It might help if Grossman could loosen up a bit. Tightly orchestrated talking points are effective, but they work better if sprinkled naturally into speeches and comments in the manner mastered by his old political compadre, Bill Clinton.
That said, if he reaches the general election, Grossman could pose a tough challenge to either Swift or Romney. Like the leading Republicans, Grossman promotes fiscal responsibility. But while neither Swift nor Romney has a particularly positive labor record, Grossman can tout his close relationship with AFL-CIO president John Sweeney and his long-time union shop. For three generations, Grossman and his family have run a successful company and maintained good relations with workers. This history contrasts especially sharply with that of Romney, who will try to paper over his poor union record.
Former Watertown state senator Warren Tolman
Nomination chances: 10%
Chances against Swift: 40%
Chances against Romney: 33%
Tolman’s candidacy truly began just last Thursday, when he received his first Clean Elections check for more than $800,000 (an amount actually equivalent to a little over $1 million, which represents what he now has plus what he would have had to spend on fundraising costs). So far, he has spent less than $500 to organize for the Democratic caucuses. Until very recently, he has had to fight Reich and Grossman for the outsider’s mantle without the benefit of money. This new infusion of money lends his campaign a legitimacy it previously lacked.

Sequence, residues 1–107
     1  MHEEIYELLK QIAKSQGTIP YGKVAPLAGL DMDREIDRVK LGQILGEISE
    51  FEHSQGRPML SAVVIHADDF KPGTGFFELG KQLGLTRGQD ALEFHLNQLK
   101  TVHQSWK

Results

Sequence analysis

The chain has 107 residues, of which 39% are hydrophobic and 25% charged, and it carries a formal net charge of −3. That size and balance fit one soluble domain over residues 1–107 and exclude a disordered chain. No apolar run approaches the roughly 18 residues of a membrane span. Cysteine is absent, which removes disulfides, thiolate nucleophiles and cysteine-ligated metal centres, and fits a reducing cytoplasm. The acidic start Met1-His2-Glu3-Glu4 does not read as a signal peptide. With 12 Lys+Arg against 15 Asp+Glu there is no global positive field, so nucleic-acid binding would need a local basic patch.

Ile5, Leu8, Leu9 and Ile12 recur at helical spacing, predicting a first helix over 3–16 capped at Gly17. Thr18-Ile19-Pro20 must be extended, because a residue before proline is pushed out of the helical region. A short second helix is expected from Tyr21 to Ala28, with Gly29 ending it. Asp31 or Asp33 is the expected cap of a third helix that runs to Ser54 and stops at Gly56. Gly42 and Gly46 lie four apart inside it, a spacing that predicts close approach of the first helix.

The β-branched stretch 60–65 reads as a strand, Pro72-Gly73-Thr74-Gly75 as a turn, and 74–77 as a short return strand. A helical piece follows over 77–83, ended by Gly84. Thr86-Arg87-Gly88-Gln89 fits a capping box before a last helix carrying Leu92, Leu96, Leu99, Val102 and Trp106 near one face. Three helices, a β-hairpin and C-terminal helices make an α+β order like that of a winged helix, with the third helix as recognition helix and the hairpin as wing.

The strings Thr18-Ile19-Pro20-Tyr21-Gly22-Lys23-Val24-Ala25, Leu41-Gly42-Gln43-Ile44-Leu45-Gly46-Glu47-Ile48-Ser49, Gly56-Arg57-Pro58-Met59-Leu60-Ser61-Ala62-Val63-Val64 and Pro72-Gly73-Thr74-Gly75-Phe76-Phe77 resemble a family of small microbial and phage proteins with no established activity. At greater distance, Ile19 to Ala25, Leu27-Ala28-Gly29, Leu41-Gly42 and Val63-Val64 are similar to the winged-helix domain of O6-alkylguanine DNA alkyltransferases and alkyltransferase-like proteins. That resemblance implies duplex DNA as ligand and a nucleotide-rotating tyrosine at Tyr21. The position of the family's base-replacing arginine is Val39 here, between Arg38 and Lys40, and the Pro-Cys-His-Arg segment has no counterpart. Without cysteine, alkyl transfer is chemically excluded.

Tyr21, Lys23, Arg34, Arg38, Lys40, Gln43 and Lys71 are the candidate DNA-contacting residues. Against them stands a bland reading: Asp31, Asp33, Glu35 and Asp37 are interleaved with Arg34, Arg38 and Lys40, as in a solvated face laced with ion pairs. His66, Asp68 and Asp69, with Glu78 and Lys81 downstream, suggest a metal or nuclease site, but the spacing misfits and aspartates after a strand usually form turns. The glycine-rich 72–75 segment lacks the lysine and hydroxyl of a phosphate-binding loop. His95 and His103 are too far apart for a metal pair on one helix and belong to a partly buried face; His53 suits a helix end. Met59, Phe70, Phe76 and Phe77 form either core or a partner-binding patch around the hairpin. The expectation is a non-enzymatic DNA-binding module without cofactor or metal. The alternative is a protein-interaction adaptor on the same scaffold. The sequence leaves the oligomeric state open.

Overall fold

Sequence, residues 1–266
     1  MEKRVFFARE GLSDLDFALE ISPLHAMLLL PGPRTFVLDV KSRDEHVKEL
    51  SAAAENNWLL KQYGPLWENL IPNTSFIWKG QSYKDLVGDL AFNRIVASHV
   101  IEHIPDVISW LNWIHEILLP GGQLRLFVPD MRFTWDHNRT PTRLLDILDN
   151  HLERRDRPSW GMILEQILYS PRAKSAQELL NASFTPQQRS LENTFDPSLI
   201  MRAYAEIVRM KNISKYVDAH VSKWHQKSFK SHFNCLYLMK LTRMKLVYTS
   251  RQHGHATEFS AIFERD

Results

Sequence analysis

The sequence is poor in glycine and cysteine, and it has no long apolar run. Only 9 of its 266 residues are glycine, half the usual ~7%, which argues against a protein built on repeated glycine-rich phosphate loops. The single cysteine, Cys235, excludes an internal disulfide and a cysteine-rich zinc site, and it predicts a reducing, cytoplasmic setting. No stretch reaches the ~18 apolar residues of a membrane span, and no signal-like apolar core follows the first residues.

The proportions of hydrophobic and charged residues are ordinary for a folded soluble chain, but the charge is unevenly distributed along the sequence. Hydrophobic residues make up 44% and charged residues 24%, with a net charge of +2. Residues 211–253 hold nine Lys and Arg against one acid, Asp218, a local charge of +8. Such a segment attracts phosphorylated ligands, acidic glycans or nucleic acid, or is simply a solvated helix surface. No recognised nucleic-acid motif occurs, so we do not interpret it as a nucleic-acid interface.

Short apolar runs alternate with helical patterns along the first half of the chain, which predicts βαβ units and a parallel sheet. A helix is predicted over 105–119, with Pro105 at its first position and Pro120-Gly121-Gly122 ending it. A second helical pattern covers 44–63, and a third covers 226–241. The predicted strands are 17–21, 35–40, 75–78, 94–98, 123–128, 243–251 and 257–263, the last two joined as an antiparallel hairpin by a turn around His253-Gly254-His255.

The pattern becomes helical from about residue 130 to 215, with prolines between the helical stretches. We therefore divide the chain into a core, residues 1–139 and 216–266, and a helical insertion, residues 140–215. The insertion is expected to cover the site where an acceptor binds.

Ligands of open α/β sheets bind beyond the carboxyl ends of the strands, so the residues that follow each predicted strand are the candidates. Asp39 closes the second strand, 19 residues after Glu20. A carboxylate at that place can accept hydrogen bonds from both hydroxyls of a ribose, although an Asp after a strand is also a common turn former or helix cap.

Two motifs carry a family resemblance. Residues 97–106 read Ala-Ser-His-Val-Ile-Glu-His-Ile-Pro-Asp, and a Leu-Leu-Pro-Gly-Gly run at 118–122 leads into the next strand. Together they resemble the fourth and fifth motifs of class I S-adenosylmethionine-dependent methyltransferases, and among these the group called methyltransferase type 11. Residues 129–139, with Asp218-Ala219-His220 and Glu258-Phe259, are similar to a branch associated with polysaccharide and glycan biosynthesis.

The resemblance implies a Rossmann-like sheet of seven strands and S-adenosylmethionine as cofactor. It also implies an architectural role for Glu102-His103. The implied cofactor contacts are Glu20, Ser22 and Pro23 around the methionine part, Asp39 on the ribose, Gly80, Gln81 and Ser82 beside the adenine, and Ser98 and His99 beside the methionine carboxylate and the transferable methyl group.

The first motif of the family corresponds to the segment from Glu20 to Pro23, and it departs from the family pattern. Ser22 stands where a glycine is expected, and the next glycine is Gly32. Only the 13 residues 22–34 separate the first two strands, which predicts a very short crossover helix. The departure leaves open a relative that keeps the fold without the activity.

But as Tolman prepares to advance his standing, he faces the reality that the economic downturn has rendered his marquee issue — Clean Elections — less popular. Last week’s Boston Herald poll showed Clean Elections’ popularity plummeting.
He may be helped by the fact that he has already run a statewide campaign — for lieutenant governor in 1998. Tolman’s camp suspects there remains a reservoir of good will for him out there. If the convention goes to a second ballot, some regional mayors and other local pols may choose to tap him.
Nonetheless, Tolman now must work extra hard to convince voters that our campaign-finance system lies at the heart of many of the ills plaguing the state, such as spiraling Big Dig costs, problems at Massport, and environmental damage. If that argument fails, Tolman’s electoral prospects look dim. But he’s perfectly poised to play the dark-horse role. He is relaxed and playing with found money — literally. That makes him a little dangerous.
His viability in a race against Swift hinges on whether the Democratic establishment — at odds with him over Clean Elections — can rally behind him. Unless this happens, Tolman will find himself in a position similar to that of his 1998 running mate Scott Harshbarger: close, but no cigar. His good-government-reformist message carries even less potency against Romney.